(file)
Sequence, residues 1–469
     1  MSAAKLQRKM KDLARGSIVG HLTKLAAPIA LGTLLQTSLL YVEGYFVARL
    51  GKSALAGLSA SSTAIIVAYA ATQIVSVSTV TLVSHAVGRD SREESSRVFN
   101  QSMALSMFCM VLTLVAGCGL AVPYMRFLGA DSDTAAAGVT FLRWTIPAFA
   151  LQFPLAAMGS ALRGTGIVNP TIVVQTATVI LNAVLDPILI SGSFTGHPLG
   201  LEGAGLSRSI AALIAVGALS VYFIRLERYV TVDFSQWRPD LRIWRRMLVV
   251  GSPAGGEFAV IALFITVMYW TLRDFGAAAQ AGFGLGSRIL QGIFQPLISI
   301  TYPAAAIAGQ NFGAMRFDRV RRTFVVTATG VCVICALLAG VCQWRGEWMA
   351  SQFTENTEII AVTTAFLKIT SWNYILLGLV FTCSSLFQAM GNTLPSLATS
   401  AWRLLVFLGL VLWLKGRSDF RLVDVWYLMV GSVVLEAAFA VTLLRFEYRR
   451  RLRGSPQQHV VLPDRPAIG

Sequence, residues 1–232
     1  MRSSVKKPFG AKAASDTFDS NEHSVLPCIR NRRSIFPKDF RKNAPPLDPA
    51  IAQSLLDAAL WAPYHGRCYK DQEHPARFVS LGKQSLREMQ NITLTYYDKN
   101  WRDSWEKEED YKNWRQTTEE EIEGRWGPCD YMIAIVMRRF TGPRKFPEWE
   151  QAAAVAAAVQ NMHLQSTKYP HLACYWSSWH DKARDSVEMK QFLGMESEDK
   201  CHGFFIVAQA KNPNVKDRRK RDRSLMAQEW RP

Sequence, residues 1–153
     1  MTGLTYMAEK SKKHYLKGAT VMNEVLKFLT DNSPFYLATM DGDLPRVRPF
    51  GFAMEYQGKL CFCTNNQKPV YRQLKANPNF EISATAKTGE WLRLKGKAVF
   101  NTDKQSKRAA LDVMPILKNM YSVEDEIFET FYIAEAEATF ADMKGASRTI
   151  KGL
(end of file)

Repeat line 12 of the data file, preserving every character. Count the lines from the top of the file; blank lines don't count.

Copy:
Sequence, residues 1–232